Many things can be true at the same time, a concept that first-time feature director and long-time horror scribe Simon Barrett tries to tap into with his debut “Seance.” It hints at the possibility of two ghosts within its first five minutes and the twinned ghost stories soon expand to involve all manner of other horror-centric tropes: a creepy boarding school, a mysterious new girl, a shy new friend with (maybe) a secret, even a handsome outsider who loves to lurk — along with the usual assortment of flickering lights, bloody visions, and a basement filled with archival material that might hold some answers. “Seance” doesn’t just grow more mysterious, gory, and spiky as it goes on, it also grows more convoluted. Yes, many things can be true at once, but “Seance” might benefit from being pared to a more streamlined story.
Barrett’s film hints at the sleeker, darker film underneath his many genre fixations; it also sets up the possibility of a followup that could better tap into those ideas. “Seance” works best when viewed as a prequel to another film, one with a mythology that Barrett only bumps up against in this one (and one that, unfortunately, can’t receive more than oblique reference here; unpacking it would mean major spoilers for the film at hand). While this film’s trappings are horror — including a snappy opening that leads hard into “Bloody Mary” mythos — elements that are less straight-scary offer something new.
Edelvine Academy for Girls may or may not be haunted by a dead former student, but what matters more is the legend. It’s even inspired a silly activity among the students: Speak an incantation in the bathroom in which she allegedly died, at the exact time she shuffled off this mortal coil. Say it with enough verve, and the ghost will rise; for resident mean girls Alice (Inanna Sarkis), Yvonne (Stephanie Sy), Lenora (Jade Michael), Bethany (Madisen Beaty), and Rosalind (Djouliet Amara), the scary process allows them to pull a prank on more fragile fellow students.
On the night “Seance” opens, the prank has real consequences. Once fellow student Kerrie (Megan Best) apparently kills herself after trying to summon the spirit of the ghost, the students can’t pass off the old legend as the only creepy thing at their posh boarding school. On the other hand, whip-smart Camille Meadows (Suki Waterhouse), who has long languished on the school’s waitlist, now has a place at Eveldine. Good for you, Camille!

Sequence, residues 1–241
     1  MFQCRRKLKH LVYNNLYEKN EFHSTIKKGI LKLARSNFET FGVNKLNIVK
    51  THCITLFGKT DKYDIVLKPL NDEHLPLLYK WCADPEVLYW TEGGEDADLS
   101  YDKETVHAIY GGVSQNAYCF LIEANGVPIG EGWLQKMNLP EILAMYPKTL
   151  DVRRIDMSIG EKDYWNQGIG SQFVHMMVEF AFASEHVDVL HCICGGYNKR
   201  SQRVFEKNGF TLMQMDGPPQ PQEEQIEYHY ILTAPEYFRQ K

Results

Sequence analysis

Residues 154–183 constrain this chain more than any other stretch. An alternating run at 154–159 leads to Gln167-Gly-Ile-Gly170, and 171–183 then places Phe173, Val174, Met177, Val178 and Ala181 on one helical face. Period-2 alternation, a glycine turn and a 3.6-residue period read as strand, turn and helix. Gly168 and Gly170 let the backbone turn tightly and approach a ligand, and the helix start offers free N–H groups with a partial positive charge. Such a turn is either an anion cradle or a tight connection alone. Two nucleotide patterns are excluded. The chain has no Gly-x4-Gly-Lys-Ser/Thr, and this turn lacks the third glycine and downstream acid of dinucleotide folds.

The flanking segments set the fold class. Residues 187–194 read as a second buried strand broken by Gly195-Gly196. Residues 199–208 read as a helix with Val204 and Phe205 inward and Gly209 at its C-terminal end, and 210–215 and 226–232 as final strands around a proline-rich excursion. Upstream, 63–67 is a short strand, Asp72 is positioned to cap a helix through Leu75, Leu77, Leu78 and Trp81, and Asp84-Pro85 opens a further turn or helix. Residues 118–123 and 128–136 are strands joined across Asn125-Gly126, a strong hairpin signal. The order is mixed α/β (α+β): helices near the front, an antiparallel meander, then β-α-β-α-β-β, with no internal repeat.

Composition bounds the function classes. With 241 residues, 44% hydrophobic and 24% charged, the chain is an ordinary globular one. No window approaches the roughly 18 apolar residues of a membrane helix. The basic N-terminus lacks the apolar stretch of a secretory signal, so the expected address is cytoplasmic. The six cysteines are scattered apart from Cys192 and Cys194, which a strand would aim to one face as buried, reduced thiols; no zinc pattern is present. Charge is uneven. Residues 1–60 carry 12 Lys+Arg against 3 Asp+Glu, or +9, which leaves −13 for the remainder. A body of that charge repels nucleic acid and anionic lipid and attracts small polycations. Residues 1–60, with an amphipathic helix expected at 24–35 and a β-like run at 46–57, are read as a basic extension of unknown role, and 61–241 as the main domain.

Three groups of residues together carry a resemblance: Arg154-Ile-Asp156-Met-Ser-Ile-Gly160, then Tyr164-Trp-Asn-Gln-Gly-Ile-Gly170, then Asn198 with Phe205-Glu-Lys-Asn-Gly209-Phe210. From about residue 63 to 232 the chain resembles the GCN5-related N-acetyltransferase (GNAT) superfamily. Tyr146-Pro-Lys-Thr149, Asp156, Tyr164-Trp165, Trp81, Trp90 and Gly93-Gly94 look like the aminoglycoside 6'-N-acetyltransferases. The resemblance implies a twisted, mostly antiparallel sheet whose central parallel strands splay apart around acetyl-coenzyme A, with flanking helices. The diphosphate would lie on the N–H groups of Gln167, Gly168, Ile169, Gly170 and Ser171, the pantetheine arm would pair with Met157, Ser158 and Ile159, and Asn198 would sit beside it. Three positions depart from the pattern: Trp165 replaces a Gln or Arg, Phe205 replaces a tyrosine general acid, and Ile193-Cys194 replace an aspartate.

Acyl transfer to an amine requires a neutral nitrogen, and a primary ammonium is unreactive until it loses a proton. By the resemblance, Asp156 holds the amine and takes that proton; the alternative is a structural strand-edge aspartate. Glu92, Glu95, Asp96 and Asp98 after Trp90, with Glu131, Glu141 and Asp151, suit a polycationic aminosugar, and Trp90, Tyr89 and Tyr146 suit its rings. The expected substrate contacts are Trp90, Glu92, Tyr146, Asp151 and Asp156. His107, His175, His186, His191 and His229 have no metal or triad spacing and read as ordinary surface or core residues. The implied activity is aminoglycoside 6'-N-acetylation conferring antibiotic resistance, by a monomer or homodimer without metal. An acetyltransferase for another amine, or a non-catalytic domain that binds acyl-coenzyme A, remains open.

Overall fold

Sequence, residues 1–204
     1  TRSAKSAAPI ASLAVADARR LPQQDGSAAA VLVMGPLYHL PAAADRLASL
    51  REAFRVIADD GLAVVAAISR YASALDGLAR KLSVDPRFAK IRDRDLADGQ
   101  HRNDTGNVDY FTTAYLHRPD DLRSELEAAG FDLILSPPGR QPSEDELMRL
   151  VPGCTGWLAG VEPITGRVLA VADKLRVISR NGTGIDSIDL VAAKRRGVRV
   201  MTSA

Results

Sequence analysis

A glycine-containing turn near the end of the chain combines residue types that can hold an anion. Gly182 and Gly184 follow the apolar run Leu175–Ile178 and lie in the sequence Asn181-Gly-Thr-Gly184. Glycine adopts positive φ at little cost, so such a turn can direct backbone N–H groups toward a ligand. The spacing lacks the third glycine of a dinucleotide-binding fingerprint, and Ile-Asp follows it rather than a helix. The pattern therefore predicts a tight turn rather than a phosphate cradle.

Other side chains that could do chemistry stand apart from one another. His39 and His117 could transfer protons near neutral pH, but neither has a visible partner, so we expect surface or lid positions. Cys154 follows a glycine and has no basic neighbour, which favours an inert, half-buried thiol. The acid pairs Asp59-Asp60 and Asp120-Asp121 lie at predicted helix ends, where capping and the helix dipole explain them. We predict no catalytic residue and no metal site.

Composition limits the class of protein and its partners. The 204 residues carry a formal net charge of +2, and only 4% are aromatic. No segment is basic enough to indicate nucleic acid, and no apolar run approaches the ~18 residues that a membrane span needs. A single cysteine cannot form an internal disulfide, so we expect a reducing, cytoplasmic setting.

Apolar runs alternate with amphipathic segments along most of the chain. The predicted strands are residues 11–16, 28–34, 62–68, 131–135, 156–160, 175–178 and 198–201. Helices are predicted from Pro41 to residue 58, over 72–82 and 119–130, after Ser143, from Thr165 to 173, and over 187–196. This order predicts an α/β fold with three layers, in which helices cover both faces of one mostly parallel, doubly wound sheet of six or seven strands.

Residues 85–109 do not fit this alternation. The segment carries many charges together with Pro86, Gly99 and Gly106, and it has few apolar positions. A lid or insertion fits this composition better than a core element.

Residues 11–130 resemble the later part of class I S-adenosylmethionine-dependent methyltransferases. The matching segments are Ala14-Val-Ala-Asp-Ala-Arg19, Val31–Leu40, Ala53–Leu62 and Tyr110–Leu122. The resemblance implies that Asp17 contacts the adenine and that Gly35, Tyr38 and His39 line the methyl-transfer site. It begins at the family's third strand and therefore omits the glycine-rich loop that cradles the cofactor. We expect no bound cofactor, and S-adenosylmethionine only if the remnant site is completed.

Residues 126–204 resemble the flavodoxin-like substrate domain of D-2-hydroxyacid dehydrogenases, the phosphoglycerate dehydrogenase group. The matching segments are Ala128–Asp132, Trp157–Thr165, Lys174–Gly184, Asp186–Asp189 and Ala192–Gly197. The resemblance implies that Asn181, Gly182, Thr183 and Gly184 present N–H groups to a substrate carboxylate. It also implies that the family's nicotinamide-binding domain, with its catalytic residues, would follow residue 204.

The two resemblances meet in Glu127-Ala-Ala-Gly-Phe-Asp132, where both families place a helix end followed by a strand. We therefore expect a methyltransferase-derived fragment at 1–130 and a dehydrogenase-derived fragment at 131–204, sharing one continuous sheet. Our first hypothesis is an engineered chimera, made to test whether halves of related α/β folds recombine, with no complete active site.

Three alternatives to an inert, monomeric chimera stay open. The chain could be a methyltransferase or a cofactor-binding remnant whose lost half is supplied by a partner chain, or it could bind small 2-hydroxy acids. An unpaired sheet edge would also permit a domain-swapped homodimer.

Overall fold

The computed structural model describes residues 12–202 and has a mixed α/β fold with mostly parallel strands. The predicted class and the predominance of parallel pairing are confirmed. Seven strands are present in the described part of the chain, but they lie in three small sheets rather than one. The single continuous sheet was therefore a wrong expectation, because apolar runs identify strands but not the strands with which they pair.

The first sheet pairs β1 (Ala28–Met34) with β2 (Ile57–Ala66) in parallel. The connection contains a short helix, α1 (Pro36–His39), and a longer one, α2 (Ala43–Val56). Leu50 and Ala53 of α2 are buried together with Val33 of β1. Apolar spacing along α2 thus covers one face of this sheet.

Camille is sensible enough to ask why there’s suddenly room for her at Eveldine, even if her stoic manner doesn’t reveal how she feels about taking the spot left open by Kerrie’s death — down to the dorm room where she threw herself out the window. There’s something off about Camille, who doesn’t seem at all bothered by the politics of the other students (Alice, Bethany, and pals are committed bitches who barely take the time to mourn Kerrie). Within hours of her arrival, Camille even throws down in a full-fledged fistfight with said bitches, a brutal affair that packs a serious punch (a hair-pulling catfight, this is not).
The fight does lead to some real consequences: Camille, her shy new pal Helina (Ella-Rae Smith), and the mean girls must all attend detention together, during which they will a) archive some old Eveldine material and b) probably get into more fistfights. Inevitably, given both the title of the film and the girls’ predilections, detention time leads to seance time as they attempt to reach Kerrie and get some answers.
Shortly, we see Alice’s group winnowed down by an unseen baddie — lots of jump scares, followed by lots of gory deaths — and Kerrie begins appearing to Camille. The possibility that this is all some ghost-y thing begins to fade, forcing everyone (especially Camille and Helina) to go looking for a corporeal villain. Barrett is no stranger to stories that meld and blend outsized terrors with human horrors, having written the scripts for long-time collaborator Adam Wingard’s modern genre classics like “The Guest” and “You’re Next.” The filmmaker knows his way around the tropes and treats of the horror film, and while “Seance” is rife with them, they also threaten to obscure the film’s more compelling ideas.
Classic chiller elements — the ill-fated “Bloody Mary,” a crudely drawn blood cross, bitchy teens marked for death, and one of the grossest deaths to hit the big screen this year — it’s all fun enough. However, the bigger mythology surrounding Camille and her arrival, one that lurks just outside of nearly every frame, is far more thrilling. It is also, oddly, one less beholden to the grammar of horror films (again, no spoilers, but consider “The Guest”), hinting at a fresh future for Barrett as a director.
An RLJE Films and Shudder release, “Seance” will be available in theaters and on digital and VOD on Friday, May 21.
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